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Langley Custer

“Metamorphoses” was a play to remember

Breathtaking. Awinspiring. Beautiful. These are just a few words that came to my mind after experiencing this year’s fall play Metamorphoses.

Mary Zimmerman’s rendition of the classic Ovid Poem, which was made up of stories about greek gods, transformed into an play which Wilson’s theater department decided to take on this year. Some of these stories include the tales of Midas, a rich man who lets his greed get the best of him, Ceyx, a man who decides to leave his wife to go on a voyage, and Orpheus and Eurydice a lovelorn couple who faces tragedy.

Before seeing the show, I knew barely anything about the play, but by the end I felt that I had a full understanding of all the different stories and how they intertwine. The acting was remarkable, and each and every person in the cast applied emotion and feeling into each line they recited. The set was astounding, as they incorporated a pool (quite risky I might add) in this years show, which took it to a whole new level. This year, the players also decided to incorporate live music into the show, which was subtle but was perfectly timed and necessary. The show also had a mixture of witty moments, which added a few laughs into the show.

One of my favorite scenes would probably be when Ceyx took his army of men out to sea, where he and his men had a confrontation with the god of the sea Poseidon. The acting in this scene was absolutely astonishing, as well as the subtle but appropriate choreography that was implemented. Another one of my favorite scenes was the opening scene with Midas and his daughter. In this scene, we see Midas, an extremely wealthy man, boasting about his wealth. Even though he is filthy rich, he wants more, so he makes a daring wish to have everything he touch, turn into gold. When his jumpy daughter jumps into his arms, Midas faces the extreme backlash of this wish as his daughter turns into gold.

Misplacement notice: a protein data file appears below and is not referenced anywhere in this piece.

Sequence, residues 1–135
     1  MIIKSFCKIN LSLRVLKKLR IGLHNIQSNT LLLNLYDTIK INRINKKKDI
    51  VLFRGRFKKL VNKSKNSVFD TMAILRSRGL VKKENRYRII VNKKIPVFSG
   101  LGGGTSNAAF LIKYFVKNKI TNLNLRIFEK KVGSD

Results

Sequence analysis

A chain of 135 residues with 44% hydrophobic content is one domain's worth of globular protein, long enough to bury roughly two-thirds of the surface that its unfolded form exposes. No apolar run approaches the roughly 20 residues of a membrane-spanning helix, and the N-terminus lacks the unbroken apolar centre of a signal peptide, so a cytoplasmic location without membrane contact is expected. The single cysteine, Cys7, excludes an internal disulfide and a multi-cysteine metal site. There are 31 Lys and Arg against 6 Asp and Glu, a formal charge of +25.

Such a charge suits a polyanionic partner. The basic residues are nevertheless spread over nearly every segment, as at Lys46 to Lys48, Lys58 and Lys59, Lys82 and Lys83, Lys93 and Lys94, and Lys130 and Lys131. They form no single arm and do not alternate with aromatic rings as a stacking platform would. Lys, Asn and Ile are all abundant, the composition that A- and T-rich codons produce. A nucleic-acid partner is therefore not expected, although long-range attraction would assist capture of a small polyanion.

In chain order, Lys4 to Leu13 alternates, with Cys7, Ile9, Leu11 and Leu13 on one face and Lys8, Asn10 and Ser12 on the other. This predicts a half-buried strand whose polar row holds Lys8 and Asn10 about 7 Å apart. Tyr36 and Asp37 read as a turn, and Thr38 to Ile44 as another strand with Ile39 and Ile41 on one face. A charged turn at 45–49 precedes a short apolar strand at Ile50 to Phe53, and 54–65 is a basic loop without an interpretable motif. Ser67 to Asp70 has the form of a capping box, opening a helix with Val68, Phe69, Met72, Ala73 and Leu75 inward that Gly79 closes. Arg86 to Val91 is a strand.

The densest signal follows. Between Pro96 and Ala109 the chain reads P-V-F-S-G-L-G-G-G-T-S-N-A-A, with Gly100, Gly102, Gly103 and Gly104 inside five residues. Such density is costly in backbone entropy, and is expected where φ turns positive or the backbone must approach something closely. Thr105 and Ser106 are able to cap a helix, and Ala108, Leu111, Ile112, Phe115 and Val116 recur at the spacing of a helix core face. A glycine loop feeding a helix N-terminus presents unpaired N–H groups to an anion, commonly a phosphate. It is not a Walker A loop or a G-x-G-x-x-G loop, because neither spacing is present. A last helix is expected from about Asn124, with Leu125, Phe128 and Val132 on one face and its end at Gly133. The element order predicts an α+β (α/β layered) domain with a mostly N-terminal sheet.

This scene stood out to me because I felt that I could connect it to our current president. You could call our president greedy to say the least, and he tends to face quite a lot of necessary backlash. Midas reminded me a lot of our president and the people that we have in power today. This made the scene very appropriate and powerful.

Overall, Metamorphoses was an unforgettable and outstanding play that more than exceeded my pretty high expectations. As much as the play had witty humour, I think the thing I got the most  from it was how I was able to connect some of the stories to my life and to other lives. Each of the stories symbolized something different, that were important and necessary. Once again, the Wilson Players have awed us all.

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